‘My eyes overflow with tears
day and night without ceasing. 2
For my people, my dear children, 3 have suffered a crushing blow.
They have suffered a serious wound. 4
14:18 If I go out into the countryside,
I see those who have been killed in battle.
If I go into the city,
I see those who are sick because of starvation. 5
For both prophet and priest go about their own business
in the land without having any real understanding.’” 6
2 tn Many of the English versions and commentaries render this an indirect or third person imperative, “Let my eyes overflow…” because of the particle אַל (’al) which introduces the phrase translated “without ceasing” (אַל־תִּדְמֶינָה, ’al-tidmenah). However, this is undoubtedly an example where the particle introduces an affirmation that something cannot be done (cf. GKC 322 §109.e). Clear examples of this are found in Pss 41:2 (41:3 HT); 50:3; Job 40:32 (41:8). God here is describing again a lamentable situation and giving his response to it. See 14:1-6 above.
sn Once again it is the
3 tn Heb “virgin daughter, my people.” The last noun here is appositional to the first two (genitive of apposition). Hence it is not ‘literally’ “virgin daughter of my people.”
sn This is a metaphor which occurs several times with regard to Israel, Judah, Zion, and even Sidon and Babylon. It is the poetic personification of the people, the city, or the land. Like other metaphors the quality of the comparison being alluded to must be elicited from the context. This is easy in Isa 23:12 (oppressed) and Isa 47:1 (soft and delicate) but not so easy in other places. From the nature of the context the suspicion here is that the protection the virgin was normally privileged to is being referred to and there is a reminder that the people are forfeiting it by their actions. Hence God laments for them.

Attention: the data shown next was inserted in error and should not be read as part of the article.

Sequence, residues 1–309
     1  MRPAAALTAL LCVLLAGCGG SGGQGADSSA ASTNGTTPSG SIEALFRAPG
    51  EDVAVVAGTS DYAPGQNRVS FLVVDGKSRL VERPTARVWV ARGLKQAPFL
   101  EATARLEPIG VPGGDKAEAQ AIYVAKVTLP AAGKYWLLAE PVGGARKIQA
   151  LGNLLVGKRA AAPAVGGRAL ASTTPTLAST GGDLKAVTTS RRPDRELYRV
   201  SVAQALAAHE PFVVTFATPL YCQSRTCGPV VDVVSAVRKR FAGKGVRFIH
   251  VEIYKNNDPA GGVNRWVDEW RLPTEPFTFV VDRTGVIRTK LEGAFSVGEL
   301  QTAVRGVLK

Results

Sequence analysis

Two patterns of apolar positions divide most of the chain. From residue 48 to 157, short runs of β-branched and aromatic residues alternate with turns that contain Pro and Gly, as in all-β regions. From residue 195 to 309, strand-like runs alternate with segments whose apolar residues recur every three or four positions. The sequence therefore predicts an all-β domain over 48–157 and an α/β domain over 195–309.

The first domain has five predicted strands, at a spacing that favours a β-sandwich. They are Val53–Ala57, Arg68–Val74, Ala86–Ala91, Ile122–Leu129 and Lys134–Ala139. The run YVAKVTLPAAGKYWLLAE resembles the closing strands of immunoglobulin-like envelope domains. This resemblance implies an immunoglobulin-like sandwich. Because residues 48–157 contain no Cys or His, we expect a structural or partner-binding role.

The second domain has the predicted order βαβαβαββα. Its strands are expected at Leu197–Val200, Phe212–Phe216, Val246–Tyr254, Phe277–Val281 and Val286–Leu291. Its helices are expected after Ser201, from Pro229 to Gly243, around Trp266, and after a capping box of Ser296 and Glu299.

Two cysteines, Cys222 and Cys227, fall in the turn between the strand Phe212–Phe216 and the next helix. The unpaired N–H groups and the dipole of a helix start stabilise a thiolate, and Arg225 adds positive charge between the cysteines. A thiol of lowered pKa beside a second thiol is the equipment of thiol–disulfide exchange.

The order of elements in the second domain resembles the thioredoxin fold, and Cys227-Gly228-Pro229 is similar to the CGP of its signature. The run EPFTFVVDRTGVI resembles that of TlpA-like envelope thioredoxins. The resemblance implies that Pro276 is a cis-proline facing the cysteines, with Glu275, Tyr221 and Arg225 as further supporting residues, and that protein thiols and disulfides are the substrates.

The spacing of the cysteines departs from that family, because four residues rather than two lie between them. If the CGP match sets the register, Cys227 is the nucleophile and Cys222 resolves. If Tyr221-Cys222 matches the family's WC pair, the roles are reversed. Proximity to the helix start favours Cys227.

4 tn This is a poetic personification. To translate with the plural “serious wounds” might mislead some into thinking of literal wounds.
sn Compare Jer 10:19 for a similar use of this metaphor.
5 tn The word “starvation” has been translated “famine” elsewhere in this passage. It is the word which refers to hunger. The “starvation” here may be war induced and not simply that which comes from famine per se. “Starvation” will cover both.
6 tn The meaning of these last two lines is somewhat uncertain. The meaning of these two lines is debated because of the uncertainty of the meaning of the verb rendered “go about their business” (סָחַר, sakhar) and the last phrase translated here “without any real understanding.” The verb in question most commonly occurs as a participle meaning “trader” or “merchant” (cf., e.g., Ezek 27:21, 36; Prov 31:14). It occurs as a finite verb elsewhere only in Gen 34:10, 21; 42:34 and there in a literal sense of “trading,” “doing business.” While the nuance is metaphorical here it need not extend to “journeying into” (cf., e.g., BDB 695 s.v. סָחַר Qal.1) and be seen as a reference to exile as is sometimes assumed. That seems at variance with the causal particle which introduces this clause, the tense of the verb, and the surrounding context. People are dying in the land (vv. 17-18a) not because prophet and priest have gone (the verb is the Hebrew perfect or past) into exile but because prophet and priest have no true knowledge of God or the situation. The clause translated here “without having any real understanding” (Heb “and they do not know”) is using the verb in the absolute sense indicated in BDB 394 s.v. יָדַע Qal.5 and illustrated in Isa 1:3; 56:10. For a more thorough discussion of the issues one may consult W. McKane, Jeremiah (ICC), 1:330-31.